After providing all the funding for The Brain from Top to Bottom for over 10 years, the CIHR Institute of Neurosciences, Mental Health and Addiction informed us that because of budget cuts, they were going to be forced to stop sponsoring us as of March 31st, 2013.

We have approached a number of organizations, all of which have recognized the value of our work. But we have not managed to find the funding we need. We must therefore ask our readers for donations so that we can continue updating and adding new content to The Brain from Top to Bottom web site and blog.

Please, rest assured that we are doing our utmost to continue our mission of providing the general public with the best possible information about the brain and neuroscience in the original spirit of the Internet: the desire to share information free of charge and with no adverstising.

Whether your support is moral, financial, or both, thank you from the bottom of our hearts!

Bruno Dubuc, Patrick Robert, Denis Paquet, and Al Daigen

Wednesday, 14 August 2013
A Monthly Podcast On Cognitive Science

Do you love in-depth interviews with famous names in the vast field of cognitive science? Does the idea of spending an hour with philosopher Patricia Churchland, neurobiologist Christof Koch, or affective neuroscientist Jaak Panksepp sound pretty good to you? Then you have to take a look at the web site Brain Science Podcast!

Brain Science Podcast was created in 2006 by Dr. Ginger Campbell, an emergency physician with a passionate interest in the brain, consciousness, and the medical implications of the mind-body relationship, and she has been hosting it ever since. From one month to the next, she alternates between interviews with scientists who are leaders in their fields and detailed reports on recent books on topics in which she is interested. (more…)

From Thought to Language | Comments Closed

Tuesday, 6 August 2013
“Centres” of Cognitive Functions in the Brain: A Misleading Concept

The media nowadays often publish reports that scientists using brain-imaging technology have just discovered the brain’s “centre” for anger, jealousy, generosity, or some other specific emotion or cognitive function. But the idea of such a centre is, at best, an outrageous oversimplification, and at worst, completely misleading.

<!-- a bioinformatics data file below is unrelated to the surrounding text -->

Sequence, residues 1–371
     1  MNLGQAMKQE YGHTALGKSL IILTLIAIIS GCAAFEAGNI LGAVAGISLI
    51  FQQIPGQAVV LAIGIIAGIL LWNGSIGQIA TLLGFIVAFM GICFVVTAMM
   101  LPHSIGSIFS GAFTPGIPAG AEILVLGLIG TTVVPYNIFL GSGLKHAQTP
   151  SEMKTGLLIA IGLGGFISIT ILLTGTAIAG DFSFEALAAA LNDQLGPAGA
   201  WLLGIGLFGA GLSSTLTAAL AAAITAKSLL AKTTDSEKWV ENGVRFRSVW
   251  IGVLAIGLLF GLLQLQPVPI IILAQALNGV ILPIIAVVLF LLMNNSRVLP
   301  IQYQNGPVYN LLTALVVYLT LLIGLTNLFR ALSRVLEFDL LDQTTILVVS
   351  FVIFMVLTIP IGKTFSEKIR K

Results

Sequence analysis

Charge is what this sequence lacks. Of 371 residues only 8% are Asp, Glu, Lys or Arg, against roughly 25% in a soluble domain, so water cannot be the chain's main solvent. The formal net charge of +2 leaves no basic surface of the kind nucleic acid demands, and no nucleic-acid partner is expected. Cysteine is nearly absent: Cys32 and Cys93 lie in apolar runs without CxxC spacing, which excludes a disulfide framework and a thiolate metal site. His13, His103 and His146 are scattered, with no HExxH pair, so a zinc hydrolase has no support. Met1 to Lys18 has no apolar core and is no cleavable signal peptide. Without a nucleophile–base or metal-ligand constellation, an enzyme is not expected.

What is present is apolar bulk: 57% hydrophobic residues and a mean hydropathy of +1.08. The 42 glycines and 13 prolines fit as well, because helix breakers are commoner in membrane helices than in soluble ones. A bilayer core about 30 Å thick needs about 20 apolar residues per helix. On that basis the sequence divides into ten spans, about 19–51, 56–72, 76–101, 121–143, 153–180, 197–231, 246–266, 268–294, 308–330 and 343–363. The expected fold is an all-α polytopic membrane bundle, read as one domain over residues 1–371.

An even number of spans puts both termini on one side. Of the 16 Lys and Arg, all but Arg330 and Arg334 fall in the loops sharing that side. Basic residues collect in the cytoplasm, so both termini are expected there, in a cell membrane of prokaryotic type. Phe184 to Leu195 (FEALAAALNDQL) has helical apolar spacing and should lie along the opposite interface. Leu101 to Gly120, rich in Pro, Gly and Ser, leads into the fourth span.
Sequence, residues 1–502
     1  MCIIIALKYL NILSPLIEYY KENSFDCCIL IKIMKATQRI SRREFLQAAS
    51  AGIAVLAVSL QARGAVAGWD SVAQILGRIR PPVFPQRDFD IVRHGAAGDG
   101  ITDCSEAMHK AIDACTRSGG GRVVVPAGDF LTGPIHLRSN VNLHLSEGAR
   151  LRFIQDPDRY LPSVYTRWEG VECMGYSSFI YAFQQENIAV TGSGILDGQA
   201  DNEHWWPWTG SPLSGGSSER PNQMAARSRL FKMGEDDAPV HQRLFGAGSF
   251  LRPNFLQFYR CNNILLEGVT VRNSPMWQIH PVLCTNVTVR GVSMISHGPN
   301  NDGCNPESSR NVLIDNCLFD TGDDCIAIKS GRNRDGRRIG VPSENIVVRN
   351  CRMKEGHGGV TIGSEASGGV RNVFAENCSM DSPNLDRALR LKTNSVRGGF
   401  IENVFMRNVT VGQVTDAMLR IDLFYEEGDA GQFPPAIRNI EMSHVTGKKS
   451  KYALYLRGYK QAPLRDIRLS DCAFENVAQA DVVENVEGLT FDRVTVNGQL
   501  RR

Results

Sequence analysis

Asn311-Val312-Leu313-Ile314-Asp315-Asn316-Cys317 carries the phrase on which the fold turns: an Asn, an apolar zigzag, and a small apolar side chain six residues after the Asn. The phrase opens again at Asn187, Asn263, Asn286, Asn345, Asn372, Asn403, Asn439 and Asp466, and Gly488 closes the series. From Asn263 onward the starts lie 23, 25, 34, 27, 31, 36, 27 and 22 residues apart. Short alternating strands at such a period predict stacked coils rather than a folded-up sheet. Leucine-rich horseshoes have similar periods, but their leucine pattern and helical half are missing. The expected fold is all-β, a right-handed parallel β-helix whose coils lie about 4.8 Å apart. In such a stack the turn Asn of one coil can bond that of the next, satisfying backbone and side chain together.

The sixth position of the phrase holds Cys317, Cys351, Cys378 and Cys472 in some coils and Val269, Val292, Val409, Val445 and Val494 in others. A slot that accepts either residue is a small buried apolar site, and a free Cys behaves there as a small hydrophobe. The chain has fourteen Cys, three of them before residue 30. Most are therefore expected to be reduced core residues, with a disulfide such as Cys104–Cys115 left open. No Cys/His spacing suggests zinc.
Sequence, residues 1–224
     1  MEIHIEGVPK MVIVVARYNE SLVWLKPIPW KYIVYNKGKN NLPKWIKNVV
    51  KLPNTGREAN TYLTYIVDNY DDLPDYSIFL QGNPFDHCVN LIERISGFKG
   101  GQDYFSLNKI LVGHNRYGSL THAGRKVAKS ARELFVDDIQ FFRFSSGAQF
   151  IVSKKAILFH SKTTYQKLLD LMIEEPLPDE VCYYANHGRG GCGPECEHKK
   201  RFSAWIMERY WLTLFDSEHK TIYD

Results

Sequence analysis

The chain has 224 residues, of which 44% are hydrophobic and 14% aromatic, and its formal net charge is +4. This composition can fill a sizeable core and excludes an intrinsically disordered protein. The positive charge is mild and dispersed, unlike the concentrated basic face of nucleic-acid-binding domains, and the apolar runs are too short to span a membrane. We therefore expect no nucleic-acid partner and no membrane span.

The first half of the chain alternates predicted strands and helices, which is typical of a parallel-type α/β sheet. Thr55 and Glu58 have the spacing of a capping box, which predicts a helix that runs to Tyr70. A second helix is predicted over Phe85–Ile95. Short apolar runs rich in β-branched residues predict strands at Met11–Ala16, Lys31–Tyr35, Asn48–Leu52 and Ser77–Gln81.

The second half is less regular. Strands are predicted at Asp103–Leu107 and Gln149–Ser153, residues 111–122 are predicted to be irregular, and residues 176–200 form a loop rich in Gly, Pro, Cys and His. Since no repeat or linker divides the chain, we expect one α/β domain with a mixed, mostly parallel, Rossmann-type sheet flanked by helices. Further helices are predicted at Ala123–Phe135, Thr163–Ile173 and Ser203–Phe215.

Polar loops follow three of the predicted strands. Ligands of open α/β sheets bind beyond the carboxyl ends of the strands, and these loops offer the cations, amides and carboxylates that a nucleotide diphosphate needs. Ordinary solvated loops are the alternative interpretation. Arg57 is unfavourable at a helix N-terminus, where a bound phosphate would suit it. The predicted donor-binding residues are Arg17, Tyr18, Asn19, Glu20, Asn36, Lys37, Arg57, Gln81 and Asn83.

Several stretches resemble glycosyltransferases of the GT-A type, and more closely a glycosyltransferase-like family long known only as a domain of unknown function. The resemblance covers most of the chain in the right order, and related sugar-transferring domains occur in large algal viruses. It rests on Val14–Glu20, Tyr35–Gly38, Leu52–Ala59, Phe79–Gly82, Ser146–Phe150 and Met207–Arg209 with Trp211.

That is the argument made by Dr. William A. Cunningham in the February 2012 issue of the journal Current Directions in Psychological Science. His article deconstructs a very limited view of a part of the brain called the amygdala,which the popular press often describes as the brain’s “fear centre”. (more…)

Emotions and the Brain | Comments Closed

Monday, 29 July 2013
The Return of the Invisible Gorilla

Somewhat like Stanley Milgram’s experiment on obedience to authority, the “invisible gorilla” experiment by Daniel Simons and Chris Chabris has become a true classic in the cognitive sciences. Milgram surprised readers with chilling evidence that people could be so compliant to authority that they would carry out orders to inflict potentially fatal electrical shocks on other individuals. Similarly, Simons, Chabris and their gorilla have overturned our belief that we always see all the things that lie in our field of vision. (more…)

The Emergence of Consciousness | Comments Closed

Wednesday, 24 July 2013
Oligomers Help Us Keep Our Memories

A protein whose molecules have the special ability to stack on top of one another, somewhat like egg cartons, and thus form short, highly stable chains (oligomers), may well play a key role in the mechanisms by which we maintain lasting memories.

Indeed, there is always something magical about remembering something that you haven’t thought about in years. But physically speaking, in what form is the corresponding memory trace maintained in your brain over all that time? Neurobiologists know that the whole process occurs in the synapses (the plastic connections between neurons) and have described molecular mechanisms such as long-term potentiation that partly explain this plasticity. (more…)

Memory and the Brain, Mental Disorders | Comments Closed

Monday, 15 July 2013
The Brain’s Default Network

What does the human brain do when it’s not doing anything in particular? At first glance, this question might seem of little interest, and for many years most brain researchers paid little attention to it. But over the past 10 years or so, it has become one of the hottest and most intriguing research topics in neuroscience: the activity of the brain’s default network.

The default network is a set of areas in the brain that are connected to one another, in some cases across large distances (in terms of the brain’s size). They are activated preferentially when the individual is not performing any specific task. Scientists do not yet know exactly what purpose this default brain activity serves. But they do already know that the areas involved in the default network are more active when our minds are wandering (when we have “our heads in the clouds”), when we are evoking personal memories, and when we are trying to imagine ourselves in future situations or to understand someone else’s point of view. (more…)

The Emergence of Consciousness | Comments Closed